See the updated post of 12/17/19: Uterine (Endometrial Cancer: Six-Year Post-Hysterectomy Exam
This year, the American Cancer Society estimated that 61,880 new cases of uterine cancer would be diagnosed and that 12,160 women—20 percent—would die from it.
On December 13, 2013 (also a Friday), I underwent a total robotic hysterectomy for uterine cancer—type 1, stage 1B, grade 3 endometrial adenocarcinoma—at which time the estimates were 49,560 and 8,190, respectively. (Endometrial cancer, which arises from the lining of the womb, is the most common type of uterine cancer.)
My next checkup is scheduled for next week, and I am optimistic that all will be well. Although I have had secondary effects from my internal vaginal radiation (brachytherapy), I have had no other problems since that other Friday the 13th, which I now consider a lucky day.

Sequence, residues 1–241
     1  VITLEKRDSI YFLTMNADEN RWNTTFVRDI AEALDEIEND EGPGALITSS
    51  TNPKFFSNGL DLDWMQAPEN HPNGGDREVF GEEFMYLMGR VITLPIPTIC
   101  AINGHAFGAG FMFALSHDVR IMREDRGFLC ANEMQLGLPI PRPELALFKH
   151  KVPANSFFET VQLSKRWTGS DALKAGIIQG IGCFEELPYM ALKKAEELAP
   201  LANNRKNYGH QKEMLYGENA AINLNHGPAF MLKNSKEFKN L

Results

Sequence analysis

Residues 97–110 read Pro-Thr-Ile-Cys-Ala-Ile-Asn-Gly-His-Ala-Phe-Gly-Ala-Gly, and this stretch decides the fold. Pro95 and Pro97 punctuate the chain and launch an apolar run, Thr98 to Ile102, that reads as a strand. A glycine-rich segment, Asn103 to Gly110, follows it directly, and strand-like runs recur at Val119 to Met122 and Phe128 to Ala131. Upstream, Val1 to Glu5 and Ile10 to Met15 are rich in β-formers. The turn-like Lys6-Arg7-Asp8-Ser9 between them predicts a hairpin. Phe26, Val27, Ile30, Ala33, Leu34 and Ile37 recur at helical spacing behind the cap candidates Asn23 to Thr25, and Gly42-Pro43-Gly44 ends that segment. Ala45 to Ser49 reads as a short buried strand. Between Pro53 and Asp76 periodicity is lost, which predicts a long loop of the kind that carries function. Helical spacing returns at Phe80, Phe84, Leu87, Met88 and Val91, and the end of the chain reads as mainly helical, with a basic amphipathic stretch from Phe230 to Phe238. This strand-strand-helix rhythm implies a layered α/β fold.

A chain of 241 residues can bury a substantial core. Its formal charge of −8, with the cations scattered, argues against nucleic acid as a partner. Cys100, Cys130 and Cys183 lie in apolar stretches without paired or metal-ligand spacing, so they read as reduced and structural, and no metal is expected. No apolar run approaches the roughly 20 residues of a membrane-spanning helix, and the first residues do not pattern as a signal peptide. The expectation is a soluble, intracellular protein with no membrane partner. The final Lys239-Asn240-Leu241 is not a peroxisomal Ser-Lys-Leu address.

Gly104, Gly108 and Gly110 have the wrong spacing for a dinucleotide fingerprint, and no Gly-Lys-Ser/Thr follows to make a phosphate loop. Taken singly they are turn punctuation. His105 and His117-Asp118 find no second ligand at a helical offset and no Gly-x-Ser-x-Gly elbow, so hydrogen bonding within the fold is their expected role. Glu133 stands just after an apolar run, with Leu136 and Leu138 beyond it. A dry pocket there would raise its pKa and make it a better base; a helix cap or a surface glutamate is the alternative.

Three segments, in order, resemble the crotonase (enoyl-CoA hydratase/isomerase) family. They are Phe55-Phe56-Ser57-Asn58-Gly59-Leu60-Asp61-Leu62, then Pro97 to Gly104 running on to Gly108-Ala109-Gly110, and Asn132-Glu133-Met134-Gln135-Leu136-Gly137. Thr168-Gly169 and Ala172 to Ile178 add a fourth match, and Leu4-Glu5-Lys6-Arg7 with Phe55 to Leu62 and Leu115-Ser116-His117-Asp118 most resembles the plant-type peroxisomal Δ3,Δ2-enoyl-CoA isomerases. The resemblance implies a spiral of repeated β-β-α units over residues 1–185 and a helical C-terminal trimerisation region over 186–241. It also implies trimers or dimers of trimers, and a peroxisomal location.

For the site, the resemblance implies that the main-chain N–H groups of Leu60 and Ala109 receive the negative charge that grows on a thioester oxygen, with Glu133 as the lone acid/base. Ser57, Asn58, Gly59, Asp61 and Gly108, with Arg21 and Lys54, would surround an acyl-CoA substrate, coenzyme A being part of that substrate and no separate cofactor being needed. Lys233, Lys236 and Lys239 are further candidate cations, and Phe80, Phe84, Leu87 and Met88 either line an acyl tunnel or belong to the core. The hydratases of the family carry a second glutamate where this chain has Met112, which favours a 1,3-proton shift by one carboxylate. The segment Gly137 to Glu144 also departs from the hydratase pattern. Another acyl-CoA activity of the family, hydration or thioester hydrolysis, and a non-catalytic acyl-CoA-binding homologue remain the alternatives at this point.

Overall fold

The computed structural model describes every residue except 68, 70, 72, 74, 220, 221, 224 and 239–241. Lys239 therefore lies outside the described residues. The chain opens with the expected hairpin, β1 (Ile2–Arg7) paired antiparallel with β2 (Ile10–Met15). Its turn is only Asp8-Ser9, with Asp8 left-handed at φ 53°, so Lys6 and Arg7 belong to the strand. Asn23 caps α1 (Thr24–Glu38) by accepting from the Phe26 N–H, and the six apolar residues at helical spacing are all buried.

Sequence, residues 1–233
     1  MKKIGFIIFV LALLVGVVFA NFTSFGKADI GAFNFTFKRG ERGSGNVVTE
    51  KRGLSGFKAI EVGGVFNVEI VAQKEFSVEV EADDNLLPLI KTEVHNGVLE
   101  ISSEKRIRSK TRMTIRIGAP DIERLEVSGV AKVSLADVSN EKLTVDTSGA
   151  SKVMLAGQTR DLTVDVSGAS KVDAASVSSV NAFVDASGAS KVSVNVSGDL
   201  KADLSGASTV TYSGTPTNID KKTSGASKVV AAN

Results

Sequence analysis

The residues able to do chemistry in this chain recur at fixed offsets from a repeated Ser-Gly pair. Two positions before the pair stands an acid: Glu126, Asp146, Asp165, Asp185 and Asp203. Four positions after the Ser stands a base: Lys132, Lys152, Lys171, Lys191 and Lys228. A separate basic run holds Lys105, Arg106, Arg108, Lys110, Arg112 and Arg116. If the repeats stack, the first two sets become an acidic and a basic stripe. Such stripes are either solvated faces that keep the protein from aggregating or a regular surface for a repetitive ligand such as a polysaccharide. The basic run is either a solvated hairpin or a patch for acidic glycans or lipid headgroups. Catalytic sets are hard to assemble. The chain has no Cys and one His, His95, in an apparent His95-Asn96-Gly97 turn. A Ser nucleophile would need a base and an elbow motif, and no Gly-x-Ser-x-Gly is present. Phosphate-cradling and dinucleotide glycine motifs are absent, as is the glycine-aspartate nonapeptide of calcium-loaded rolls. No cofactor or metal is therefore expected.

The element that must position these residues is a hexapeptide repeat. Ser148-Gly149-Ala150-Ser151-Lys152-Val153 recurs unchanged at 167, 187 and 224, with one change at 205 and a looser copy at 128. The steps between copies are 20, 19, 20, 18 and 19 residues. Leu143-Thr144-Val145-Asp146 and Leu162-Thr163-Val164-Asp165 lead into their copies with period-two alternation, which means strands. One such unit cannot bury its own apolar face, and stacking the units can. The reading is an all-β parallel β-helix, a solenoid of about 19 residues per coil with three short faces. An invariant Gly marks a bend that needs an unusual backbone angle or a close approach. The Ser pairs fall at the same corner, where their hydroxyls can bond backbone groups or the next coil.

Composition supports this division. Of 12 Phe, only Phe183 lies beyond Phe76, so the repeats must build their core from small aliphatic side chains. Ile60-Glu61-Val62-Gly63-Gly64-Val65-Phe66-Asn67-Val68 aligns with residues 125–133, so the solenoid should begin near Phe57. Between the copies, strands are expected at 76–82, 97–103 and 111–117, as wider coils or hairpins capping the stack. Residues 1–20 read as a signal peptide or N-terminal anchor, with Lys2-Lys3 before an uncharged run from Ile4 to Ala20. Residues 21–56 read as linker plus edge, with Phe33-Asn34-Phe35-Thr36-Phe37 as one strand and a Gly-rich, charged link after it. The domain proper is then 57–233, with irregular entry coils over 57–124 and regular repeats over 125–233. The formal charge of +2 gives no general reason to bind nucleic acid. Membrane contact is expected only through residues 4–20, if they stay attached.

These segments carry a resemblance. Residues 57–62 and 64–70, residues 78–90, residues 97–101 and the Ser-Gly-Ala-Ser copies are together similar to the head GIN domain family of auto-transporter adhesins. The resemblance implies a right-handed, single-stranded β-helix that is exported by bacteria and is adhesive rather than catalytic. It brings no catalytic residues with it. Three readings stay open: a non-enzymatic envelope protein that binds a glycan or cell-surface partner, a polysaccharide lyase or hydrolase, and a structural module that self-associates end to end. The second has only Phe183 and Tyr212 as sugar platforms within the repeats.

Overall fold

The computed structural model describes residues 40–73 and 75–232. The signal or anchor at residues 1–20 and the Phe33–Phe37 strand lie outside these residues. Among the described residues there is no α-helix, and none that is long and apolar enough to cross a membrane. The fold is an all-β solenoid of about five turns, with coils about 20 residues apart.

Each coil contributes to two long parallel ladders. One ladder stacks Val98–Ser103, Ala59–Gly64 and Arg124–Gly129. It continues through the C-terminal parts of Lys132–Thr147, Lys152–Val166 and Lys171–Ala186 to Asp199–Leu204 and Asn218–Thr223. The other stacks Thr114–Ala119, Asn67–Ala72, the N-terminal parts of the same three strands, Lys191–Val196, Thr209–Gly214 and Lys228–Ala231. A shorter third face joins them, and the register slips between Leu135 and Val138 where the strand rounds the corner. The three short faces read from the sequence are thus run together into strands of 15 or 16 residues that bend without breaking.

And to commemorate my six-year anniversary, I am inspired to update patient education about this most commonly diagnosed gynecologic cancer, fourth most common cancer, and sixth most common cause of cancer death in women in the United States. Stay tuned.*
One of the most important parts of the upcoming discussion will be about uterine cancer risk factors. In this age of the explosion of data from internet sources and genetic testing, we can arm ourselves with an abundance of information and knowledge to help us take charge of our health.
As a start, you can view this one-minute video from The Centers for Disease Control and Prevention about common symptoms of gynecologic cancer—my only symptom was postmenopausal vaginal bleeding.
* In the meantime, you can read more about my personal experience here: Uterine (Endometrial) Cancer – My Story & More and Radiation Therapy for Uterine Cancer – My Story & More. I will also be updating the links in the Resources, so please check back soon.